Bailey is the latest subject of Taschen’s ‘SUMO’ series, and over 300 of his portraits from the last 60 years are compiled in a mammoth new publication
Over the course of his 60-year career, David Bailey has trained his lens on an extraordinary roster of individuals: Mick Jagger, Jean Shrimpton, Kate Moss, Salvador Dalí, Margaret Thatcher, Andy Warhol, Nelson Mandela and even HM Queen Elizabeth II – to skim the surface – have all been Bailey’s subjects. To celebrate such a lengthy and era-defining working life, what could be more apt than a publication of (literally) mammoth proportions? The latest of Taschen’s limited-edition series of ‘SUMO’ books is dedicated to Bailey’s portraiture, measuring in at 50 x 70 centimetres and weighing 50 kilograms. Published in an edition of 3,000 (with its price landing in the thousands too), The David Bailey SUMO brings together over 300 of the East End photographer’s iconic portraits, along with a foreword by artist Damien Hirst and an essay by critic Francis Hodgson.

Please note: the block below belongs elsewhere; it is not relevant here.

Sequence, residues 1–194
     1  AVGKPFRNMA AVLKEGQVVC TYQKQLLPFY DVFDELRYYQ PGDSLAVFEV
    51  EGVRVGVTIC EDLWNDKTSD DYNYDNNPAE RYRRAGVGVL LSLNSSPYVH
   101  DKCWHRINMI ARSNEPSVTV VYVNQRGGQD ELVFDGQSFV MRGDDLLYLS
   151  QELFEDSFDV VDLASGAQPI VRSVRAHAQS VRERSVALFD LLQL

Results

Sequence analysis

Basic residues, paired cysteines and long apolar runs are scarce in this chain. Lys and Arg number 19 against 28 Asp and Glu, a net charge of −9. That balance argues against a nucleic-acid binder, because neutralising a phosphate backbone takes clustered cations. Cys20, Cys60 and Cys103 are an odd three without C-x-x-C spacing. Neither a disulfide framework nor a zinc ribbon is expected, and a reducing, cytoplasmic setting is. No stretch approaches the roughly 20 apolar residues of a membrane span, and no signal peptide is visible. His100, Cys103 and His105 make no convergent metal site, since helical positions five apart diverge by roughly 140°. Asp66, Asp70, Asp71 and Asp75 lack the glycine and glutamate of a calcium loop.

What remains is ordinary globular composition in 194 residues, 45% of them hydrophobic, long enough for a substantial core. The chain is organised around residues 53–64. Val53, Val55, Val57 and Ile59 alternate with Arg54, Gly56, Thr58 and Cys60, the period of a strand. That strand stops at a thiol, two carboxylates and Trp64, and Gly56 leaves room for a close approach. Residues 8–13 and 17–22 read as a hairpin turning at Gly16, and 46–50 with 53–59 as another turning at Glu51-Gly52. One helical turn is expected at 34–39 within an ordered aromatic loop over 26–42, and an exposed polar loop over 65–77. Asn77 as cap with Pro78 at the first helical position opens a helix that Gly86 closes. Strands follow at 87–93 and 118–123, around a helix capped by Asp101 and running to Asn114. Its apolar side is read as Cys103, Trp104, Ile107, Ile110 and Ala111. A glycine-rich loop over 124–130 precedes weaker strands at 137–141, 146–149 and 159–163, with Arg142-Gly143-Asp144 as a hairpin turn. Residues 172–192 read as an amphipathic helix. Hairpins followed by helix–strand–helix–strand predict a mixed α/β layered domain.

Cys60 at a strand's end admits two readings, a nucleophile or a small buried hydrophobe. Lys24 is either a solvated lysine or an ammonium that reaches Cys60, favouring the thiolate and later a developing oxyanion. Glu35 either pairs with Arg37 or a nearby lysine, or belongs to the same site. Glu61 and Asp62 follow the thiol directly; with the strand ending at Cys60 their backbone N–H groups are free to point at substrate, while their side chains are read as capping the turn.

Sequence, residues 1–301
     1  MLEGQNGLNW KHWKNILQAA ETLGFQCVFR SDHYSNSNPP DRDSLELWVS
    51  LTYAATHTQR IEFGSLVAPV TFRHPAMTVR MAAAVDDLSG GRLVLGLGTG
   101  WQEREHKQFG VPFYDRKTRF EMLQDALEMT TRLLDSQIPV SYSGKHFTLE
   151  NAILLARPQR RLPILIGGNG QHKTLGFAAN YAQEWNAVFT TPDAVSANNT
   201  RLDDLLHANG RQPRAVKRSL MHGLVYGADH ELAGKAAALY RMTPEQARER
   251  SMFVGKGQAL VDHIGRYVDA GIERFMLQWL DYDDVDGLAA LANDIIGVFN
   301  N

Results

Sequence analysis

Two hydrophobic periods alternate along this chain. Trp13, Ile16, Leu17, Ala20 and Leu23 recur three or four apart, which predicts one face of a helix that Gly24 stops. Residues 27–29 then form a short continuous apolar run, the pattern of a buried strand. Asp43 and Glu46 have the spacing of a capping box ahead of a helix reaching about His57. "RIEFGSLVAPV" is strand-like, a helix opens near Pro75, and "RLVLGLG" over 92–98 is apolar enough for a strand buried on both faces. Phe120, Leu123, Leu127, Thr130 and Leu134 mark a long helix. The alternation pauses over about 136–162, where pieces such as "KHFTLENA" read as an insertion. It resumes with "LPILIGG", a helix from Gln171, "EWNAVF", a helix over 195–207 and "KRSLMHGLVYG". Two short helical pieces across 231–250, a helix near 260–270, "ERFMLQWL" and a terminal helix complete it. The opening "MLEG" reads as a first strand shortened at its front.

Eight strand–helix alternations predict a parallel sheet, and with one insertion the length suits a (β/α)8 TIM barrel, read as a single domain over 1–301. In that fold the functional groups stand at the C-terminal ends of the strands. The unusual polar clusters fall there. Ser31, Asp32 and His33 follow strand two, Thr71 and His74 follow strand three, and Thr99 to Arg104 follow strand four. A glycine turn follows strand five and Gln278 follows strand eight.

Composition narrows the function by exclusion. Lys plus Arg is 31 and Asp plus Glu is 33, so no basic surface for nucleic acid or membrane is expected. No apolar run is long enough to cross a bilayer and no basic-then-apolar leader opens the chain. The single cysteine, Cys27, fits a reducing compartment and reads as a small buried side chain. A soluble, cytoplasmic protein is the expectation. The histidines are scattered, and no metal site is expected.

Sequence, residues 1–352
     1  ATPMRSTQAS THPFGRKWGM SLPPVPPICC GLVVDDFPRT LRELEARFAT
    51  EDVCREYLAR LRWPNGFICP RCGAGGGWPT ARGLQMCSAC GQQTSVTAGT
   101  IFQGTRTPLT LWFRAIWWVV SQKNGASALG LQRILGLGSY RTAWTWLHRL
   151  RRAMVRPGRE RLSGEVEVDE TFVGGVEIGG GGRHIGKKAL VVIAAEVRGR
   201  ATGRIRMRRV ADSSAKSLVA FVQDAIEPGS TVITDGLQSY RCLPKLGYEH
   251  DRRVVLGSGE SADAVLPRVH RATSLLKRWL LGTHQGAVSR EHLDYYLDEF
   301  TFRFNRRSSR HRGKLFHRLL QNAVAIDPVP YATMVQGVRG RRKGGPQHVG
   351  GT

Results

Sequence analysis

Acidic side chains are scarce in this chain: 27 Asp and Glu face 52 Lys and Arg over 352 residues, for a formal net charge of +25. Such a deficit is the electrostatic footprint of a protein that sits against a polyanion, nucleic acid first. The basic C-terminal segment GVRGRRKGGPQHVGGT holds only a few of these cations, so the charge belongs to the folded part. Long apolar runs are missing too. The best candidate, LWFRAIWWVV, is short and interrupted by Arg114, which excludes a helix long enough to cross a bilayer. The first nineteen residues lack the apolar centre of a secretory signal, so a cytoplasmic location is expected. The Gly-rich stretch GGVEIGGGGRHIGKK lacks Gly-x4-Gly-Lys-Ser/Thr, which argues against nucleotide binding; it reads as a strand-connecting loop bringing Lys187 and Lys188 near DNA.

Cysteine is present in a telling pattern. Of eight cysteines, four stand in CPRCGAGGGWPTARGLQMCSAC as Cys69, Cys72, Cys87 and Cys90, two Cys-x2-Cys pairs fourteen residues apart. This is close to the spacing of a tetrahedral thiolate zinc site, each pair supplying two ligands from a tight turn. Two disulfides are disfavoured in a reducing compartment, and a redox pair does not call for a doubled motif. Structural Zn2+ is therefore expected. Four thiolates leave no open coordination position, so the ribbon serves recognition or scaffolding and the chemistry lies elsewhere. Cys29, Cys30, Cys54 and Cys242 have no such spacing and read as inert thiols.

Bailey’s work in photography has seen him travel the world and create groundbreaking images for the most esteemed fashion publications – he was shooting for Vogue at the age of 22, and his infamous antics as a young image-maker in 1960s London inspired the notorious Antonioni film Blow-Up – but his unique style of portraiture is the focus of this new book. Rendered in black and white and set against a stark white backdrop, Bailey’s portraits are recognisable for their striking silhouettes and an intimate focus on the subject’s face. Bailey seeks character in his shots, rather than thinking of appearance: “When I’m shooting, there’s actually very little photography happening,” he recently told Another Man. “It’s usually a case of a lot of talking and getting to know someone, and about ten percent actually picking up the camera. That just seems like common sense to me.”
The David Bailey SUMO is published by Taschen.